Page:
My goal is to put both processors on the canbus and have them both report what they know and listen for what they need.
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Old 10-07-2011, 01:48 PM   #588 (permalink)
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Hi Collink. Saw the video. Did you figure out why the big motor didn't want to go? I checked out the BG2A driver boards and Digikey wants $187 for a kit c/w 2 gate drivers. I am hoping to do better than that. I think I saw someone posted the schematic for the VLA500 gate driver, I'll keep looking.

I need to get started building something, so I will start with the driver boards. The parts price including the boards is where I'll start to see how much cheaper it can be done.
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Old 10-07-2011, 02:14 PM   #589 (permalink)
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I looked back in the thread for the gate driver schematic but didn't see a reference to it. Was I dreaming?
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Old 10-07-2011, 02:20 PM   #590 (permalink)
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Quote:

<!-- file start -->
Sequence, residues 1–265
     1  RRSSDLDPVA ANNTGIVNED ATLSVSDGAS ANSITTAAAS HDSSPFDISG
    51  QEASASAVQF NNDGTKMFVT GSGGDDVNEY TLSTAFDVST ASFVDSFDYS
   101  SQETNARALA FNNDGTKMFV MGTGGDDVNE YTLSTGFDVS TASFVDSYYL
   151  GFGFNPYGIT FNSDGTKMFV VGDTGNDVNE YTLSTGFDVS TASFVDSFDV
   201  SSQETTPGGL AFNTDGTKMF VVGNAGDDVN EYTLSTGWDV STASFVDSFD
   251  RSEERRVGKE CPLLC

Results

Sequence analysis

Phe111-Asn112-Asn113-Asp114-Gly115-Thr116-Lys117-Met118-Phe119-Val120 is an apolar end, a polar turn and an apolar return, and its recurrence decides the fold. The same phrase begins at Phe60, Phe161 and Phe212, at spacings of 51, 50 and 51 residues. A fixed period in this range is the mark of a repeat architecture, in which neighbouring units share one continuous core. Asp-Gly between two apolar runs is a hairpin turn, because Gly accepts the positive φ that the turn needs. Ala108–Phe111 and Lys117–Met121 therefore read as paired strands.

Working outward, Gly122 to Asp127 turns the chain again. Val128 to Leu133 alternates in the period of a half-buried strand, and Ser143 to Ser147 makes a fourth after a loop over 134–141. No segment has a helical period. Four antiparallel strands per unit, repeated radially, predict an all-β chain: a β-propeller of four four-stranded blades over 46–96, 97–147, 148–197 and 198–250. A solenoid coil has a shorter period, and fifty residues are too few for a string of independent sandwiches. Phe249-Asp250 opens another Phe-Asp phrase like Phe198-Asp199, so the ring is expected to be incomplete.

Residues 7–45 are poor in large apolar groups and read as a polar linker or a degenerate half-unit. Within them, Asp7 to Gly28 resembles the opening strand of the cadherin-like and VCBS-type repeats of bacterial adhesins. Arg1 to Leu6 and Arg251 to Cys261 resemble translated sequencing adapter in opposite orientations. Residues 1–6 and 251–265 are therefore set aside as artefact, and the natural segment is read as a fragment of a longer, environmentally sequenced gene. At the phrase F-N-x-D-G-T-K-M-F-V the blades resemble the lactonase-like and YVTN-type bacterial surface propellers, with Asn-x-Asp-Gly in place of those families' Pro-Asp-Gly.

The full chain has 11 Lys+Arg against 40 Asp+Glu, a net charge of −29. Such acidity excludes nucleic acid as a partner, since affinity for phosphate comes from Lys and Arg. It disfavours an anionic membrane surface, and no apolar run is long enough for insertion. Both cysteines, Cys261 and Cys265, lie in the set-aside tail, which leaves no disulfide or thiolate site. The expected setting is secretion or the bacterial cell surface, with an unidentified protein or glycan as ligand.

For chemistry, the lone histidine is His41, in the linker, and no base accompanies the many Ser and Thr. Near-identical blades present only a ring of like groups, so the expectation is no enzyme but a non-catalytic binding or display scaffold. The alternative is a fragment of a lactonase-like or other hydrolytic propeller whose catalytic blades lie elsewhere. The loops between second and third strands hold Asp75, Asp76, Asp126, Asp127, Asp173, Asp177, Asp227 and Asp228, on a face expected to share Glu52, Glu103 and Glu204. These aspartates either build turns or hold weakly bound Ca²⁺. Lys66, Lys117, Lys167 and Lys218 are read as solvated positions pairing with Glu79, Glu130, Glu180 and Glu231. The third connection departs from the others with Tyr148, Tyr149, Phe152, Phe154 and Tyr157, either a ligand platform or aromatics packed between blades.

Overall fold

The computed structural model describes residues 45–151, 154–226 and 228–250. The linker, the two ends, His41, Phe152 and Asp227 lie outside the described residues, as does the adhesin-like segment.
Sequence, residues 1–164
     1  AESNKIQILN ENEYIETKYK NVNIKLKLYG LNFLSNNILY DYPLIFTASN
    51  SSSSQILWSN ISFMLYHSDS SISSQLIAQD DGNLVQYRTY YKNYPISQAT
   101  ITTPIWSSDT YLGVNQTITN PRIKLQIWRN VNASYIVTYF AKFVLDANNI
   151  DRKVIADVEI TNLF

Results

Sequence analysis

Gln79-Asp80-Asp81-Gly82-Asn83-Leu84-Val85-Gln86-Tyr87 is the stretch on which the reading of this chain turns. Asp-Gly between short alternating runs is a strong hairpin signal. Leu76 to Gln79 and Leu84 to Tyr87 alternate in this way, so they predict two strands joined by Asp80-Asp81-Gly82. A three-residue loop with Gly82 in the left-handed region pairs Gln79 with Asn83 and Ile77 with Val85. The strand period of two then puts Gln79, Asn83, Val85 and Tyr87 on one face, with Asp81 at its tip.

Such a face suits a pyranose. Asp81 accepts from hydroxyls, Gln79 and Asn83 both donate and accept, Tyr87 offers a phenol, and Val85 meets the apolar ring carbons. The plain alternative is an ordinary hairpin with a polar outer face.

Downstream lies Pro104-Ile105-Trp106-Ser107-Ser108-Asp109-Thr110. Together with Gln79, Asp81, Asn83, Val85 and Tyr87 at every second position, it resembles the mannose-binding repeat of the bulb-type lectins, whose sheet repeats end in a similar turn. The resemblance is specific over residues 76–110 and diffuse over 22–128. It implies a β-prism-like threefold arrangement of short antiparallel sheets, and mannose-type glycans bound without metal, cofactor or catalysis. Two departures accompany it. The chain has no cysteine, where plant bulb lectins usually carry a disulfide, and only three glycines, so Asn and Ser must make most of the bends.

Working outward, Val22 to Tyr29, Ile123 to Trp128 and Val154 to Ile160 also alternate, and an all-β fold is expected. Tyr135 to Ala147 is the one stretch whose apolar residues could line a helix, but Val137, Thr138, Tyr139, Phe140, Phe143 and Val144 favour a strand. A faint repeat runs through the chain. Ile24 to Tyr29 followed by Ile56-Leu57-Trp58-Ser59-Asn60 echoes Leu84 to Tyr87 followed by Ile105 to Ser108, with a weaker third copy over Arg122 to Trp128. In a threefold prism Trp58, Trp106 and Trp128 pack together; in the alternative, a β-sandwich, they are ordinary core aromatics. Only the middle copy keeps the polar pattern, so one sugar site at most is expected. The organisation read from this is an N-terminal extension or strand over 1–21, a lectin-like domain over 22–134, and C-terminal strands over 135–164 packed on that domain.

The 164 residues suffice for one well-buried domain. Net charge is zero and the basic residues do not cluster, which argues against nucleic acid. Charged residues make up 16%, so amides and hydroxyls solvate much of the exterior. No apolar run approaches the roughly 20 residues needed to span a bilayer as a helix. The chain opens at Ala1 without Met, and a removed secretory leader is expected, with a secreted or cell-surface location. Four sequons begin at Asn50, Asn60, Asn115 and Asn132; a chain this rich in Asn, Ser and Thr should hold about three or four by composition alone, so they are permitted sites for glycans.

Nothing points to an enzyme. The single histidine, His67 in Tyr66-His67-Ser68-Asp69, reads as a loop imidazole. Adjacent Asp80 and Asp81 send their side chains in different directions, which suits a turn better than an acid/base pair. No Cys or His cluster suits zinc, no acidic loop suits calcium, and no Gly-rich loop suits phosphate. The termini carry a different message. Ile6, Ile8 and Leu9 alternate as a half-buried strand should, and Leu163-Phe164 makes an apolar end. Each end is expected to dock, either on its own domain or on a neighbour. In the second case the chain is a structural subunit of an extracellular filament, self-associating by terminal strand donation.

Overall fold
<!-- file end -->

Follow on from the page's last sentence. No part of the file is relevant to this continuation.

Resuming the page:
Originally Posted by energymiser View Post
Hi Collink. Saw the video. Did you figure out why the big motor didn't want to go?
I knew better than to try running the big motor but we did it anyway. The Siemens motor has like 0.1 to 0.2 ohm resistance windings. At start up there is no back EMF and so the windings will draw whatever your V/Winding R is. At the 100 volts I could supply that would equate to a start up current of 500 - 1000A. I had 200A surplus used IGBTs installed and no capacitor bank. This was not a smart idea. So, for future reference, don't try to start a motor with underpowered used transistors and no capacitor bank. I think that's why it rapidly went down hill. I've since rebuilt things (ack... I had blown two VLA500 boards, 1 IGBT module, 3 diodes, and one resistor) and I'm installing the capacitor bank and precharge system now.

Quote:
I checked out the BG2A driver boards and Digikey wants $187 for a kit c/w 2 gate drivers. I am hoping to do better than that. I think I saw someone posted the schematic for the VLA500 gate driver, I'll keep looking.

I need to get started building something, so I will start with the driver boards. The parts price including the boards is where I'll start to see how much cheaper it can be done.
Mrbigh has the driver boards I was using in the video. He sells them for a very fair price. Ask him about it. I do have the schematic for the boards and I'm pretty sure I'd be allowed to post it. Could either Paul or Mrbigh confirm that?

BTW, the VLA modules are $43 a piece so 43 * 2 + like $5 in other parts plus the PCB from mrbigh and you are still looking at a little over $100 a driver board (and, obviously you need three). So count on like $350 for the driver section.